(Originally posted on JanetteDeFelice.com 10/14/2016)
Discrimination and Motherhood
I have never before felt discriminated against before I became a mother. I was always encouraged to follow my passions, my dreams, always excelled in school. I never felt the need to take a home economics course, as I was going to be a career woman. Never did I think that institutionalized sexism would hold me back.
I became a mother later in life, not getting pregnant until age 35. I had pursued every dream, every passion, as I had been encouraged to do up until that point. I did, however, start to feel my biological clock start ticking around age 30. And, when I finally met and settled down with Mr. Right, we started trying to get pregnant. Nothing happened.
Not knowing whether or not we would be successful with a pregnancy, I decided to move on with my life while we continued to try to have a family. After the untimely and unexpected death of my mother, I was propelled to follow another dream of mine. To attend medical school. (I say “attend medical school” instead of “become a physician” because I guess I didn’t really know what the day-to-day life of a doctor was at that time, let alone residency – the required low-paying position that leads to licensure and board certification.) I had already taken all the required pre-medical courses and decided I would take the MCAT (Medical College Admissions Test) and see how I did. Well, I scored pretty well. So I decided to apply to medical school and got in.
Part of me knew, however, that if my husband and I were successful in our quest to start a family, my career would probably suffer. But what was I to do? Not pursue an interesting and challenging career? Not pursue having a child? Both noble pursuits indeed. In the end, I figured it would all work itself out. And I entered medical school in the fall of 2008.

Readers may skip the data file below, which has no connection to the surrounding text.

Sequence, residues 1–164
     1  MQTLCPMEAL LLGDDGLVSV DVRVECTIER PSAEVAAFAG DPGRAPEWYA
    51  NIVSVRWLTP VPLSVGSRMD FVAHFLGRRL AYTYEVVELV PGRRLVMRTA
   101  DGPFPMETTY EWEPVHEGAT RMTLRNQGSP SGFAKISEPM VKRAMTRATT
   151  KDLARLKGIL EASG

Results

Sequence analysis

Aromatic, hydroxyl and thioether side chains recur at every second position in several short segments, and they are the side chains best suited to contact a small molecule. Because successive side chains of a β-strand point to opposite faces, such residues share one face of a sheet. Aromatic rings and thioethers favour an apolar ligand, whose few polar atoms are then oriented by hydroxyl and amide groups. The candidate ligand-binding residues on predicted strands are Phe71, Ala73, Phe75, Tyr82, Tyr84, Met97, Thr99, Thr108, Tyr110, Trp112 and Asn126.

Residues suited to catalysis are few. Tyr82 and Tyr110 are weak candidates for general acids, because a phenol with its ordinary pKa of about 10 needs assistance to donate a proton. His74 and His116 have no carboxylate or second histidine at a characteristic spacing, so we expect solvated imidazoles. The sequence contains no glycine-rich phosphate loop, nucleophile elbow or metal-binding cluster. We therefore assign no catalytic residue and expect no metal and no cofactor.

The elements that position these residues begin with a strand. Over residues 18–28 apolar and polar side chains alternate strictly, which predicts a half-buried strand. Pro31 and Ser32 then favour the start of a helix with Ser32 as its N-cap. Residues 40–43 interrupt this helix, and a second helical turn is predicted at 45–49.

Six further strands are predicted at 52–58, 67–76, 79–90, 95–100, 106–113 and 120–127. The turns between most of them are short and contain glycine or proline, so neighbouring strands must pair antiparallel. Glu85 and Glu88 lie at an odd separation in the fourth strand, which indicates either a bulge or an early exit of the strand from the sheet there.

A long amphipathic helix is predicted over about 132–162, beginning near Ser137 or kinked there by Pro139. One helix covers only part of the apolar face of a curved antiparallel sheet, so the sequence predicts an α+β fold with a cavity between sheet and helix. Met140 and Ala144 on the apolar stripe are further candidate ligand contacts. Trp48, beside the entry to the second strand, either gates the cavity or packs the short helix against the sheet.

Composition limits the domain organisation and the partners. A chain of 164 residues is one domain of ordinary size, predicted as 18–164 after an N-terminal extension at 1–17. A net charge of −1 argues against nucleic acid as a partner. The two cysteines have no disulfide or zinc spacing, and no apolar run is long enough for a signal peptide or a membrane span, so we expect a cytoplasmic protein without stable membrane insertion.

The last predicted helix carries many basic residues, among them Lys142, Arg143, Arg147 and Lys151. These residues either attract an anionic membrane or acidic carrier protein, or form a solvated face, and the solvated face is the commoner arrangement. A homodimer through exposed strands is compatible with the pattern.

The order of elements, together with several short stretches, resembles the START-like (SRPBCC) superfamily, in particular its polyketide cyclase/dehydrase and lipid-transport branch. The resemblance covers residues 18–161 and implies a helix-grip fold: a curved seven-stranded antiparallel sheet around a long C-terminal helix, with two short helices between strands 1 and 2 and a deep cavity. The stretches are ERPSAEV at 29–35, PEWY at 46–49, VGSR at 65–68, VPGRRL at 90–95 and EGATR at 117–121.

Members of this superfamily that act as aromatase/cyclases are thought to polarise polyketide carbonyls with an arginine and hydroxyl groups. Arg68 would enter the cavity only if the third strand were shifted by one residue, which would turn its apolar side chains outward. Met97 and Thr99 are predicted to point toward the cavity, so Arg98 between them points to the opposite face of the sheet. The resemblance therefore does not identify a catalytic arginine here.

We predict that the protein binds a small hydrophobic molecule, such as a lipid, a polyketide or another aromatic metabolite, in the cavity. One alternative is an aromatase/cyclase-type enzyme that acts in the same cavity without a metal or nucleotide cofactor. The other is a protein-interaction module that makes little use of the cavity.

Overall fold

Medical school was hard, as anticipated, but nothing I couldn’t handle. So I decided to throw some fertility treatments into the mix. As anyone in the know knows, juggling a relationship with a significant other while in med school is quite a challenge. Try being the perfect wife, the perfect student, and the perfect female procreating specimen. Well, lest you say it cannot be done, I am here to tell you that it can.
The first couple of quarters, I earned all A’s and B’s (well, one A and the rest B’s), and served both as a student representative to the Educational Affairs Committee and as a news editor for the student newspaper.
By the end of first year, after one abandoned IUI (intrauterine insemination) cycle in which my follicles were overstimulated and one IVF (in vitro fertilization) cycle, I became pregnant. And not just pregnant, but pregnant with twins. The first time I saw two little specks on the ultrasound at 6 weeks, I knew my career would be in jeopardy. And I kind of freaked out.